When two big market research houses recently released their rankings of the five biggest PC makers in the United States, one familiar name was a no-show. IBM
Although IBM's slide wasn't sudden, or surprising -- the firm had been in a virtual tie with three other firms for the bottom spot, with market share figure varying by tenths of a percent -- its absence was noted by company watchers. "From a bragging rights standpoint, it's very important," said Lou Mazzucchelli, an analyst at Gerard Klauer Mattison in New York.
The disclosure came only a few days before an analyst with Oppenheimer issued a report that IBM had also fallen behind Microsoft as the world's largest software company.
To be sure, IBM's drop in the rankings during the second quarter had a lot to do with the drastic steps it took to reduce inventory. That pullback was designed to better position the company to compete in months ahead. Similar steps were taken by rival Compaq which cut off shipments to the channel for about a month in an effort to reduce inventory. But while Compaq took a similar hit in sales, it retained -- barely -- its top spot in the U.S market. IBM, which had already seen its share drop, fell out of the rankings entirely. "If you go back and look at the growth rates of the 'Big Four,' IBM had the most anaemic growth rates," said Roger Kay an analyst with IDC which along with Dataquest issued separate rankings. "In quarters when Compaq, Dell and HP were all achieving high double digits, IBM was often exhibiting low double digits, closer to the market average. So they have, in fact, been slowly dropping back from that front pack for some time."
IBM disputed the market share figures and maintained that sales to end users remained strong, up about 25 percent from a year ago. "There is strong end-user demand," said Rod Adkins, general manager of desktop systems in the personal systems group at IBM. "Our focus in the second quarter was to blow out channel inventory, so we were much more interested in inventory moving out of the channel to end users. We're very pleased with the progress we've made at getting that rate where we want it. We consciously constrained the 'sales in' rate." He said the company had largely resolved any lingering inventory issues. In the meantime, he said IBM is pressing ahead with a program that allows resellers to configure and assemble machines.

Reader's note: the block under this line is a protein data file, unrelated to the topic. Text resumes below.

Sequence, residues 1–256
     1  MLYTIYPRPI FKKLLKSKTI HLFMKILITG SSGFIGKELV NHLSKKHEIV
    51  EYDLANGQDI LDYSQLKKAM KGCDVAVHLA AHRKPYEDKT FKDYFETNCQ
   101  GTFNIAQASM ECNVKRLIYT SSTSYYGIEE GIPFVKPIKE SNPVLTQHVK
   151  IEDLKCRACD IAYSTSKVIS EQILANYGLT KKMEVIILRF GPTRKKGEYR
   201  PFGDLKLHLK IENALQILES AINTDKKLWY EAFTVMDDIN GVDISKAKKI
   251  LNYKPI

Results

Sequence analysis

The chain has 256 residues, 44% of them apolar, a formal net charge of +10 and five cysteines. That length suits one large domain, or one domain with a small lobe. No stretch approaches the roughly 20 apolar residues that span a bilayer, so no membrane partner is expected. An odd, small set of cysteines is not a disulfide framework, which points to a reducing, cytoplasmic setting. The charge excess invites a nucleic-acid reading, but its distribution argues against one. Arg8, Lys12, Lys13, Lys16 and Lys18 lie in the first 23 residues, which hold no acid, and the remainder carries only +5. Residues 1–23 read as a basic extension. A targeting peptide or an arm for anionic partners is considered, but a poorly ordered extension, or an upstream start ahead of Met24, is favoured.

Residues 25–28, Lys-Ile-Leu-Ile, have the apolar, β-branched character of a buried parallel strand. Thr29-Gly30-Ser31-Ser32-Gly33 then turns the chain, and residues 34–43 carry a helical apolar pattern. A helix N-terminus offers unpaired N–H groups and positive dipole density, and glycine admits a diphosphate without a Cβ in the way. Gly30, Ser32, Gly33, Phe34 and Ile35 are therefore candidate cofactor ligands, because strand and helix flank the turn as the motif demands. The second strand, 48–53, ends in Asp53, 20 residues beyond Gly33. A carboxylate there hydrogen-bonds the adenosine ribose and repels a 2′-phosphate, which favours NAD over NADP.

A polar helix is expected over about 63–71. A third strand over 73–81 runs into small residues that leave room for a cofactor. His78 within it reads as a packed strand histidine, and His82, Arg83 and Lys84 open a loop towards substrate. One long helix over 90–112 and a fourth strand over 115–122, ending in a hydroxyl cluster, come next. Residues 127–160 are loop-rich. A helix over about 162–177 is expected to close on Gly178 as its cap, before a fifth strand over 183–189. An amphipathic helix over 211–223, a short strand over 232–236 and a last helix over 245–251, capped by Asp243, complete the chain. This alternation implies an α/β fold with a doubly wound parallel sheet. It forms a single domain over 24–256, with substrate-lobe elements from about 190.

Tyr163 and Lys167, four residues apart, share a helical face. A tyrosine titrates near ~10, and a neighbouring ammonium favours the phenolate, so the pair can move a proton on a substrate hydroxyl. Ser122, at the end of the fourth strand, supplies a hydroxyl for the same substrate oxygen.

The company has tripled revenue generated off the Web since it relaunched its online store in April. IBM sells online via its channel partners, allowing customers to configure orders that later get filled by resellers. Now, Adkins said, the company has to keep that end-user sales figure high. But that could be tough.
Market share figures are a bit like the college rankings. Most companies say they don't measure accurately and that they're not interested in the results. But those same companies fight tooth and claw to stay on top. Most notably, Compaq and Dell have been in a pitched battle for the number one spot -- one analyst dubbed it the Texas range wars. Analysts are predicting fierce price wars in the second half of the year as Compaq fights to retain its lead. That could make things difficult for someone like IBM, says Mazzucchelli. "But IBM is trying to manage a much different kind of business than some of the other companies there," he said. "They can't bring the whole company to a halt to manage the PC business." Adkins said IBM intends to be competitive on price. And he's hoping that the company can leverage its range of services and technology to boost PC sales.
But one analyst says IBM shouldn't even bother to try to fight for a place in the rankings and should instead focus on profitability. "Average selling prices are declining at a rapid clip you have to grow at three or four times the market to retain your position," said Ashok Kumar, an analyst at Piper Jaffrey in Minneapolis. "You're not going to be able to do that unless you give something up on price."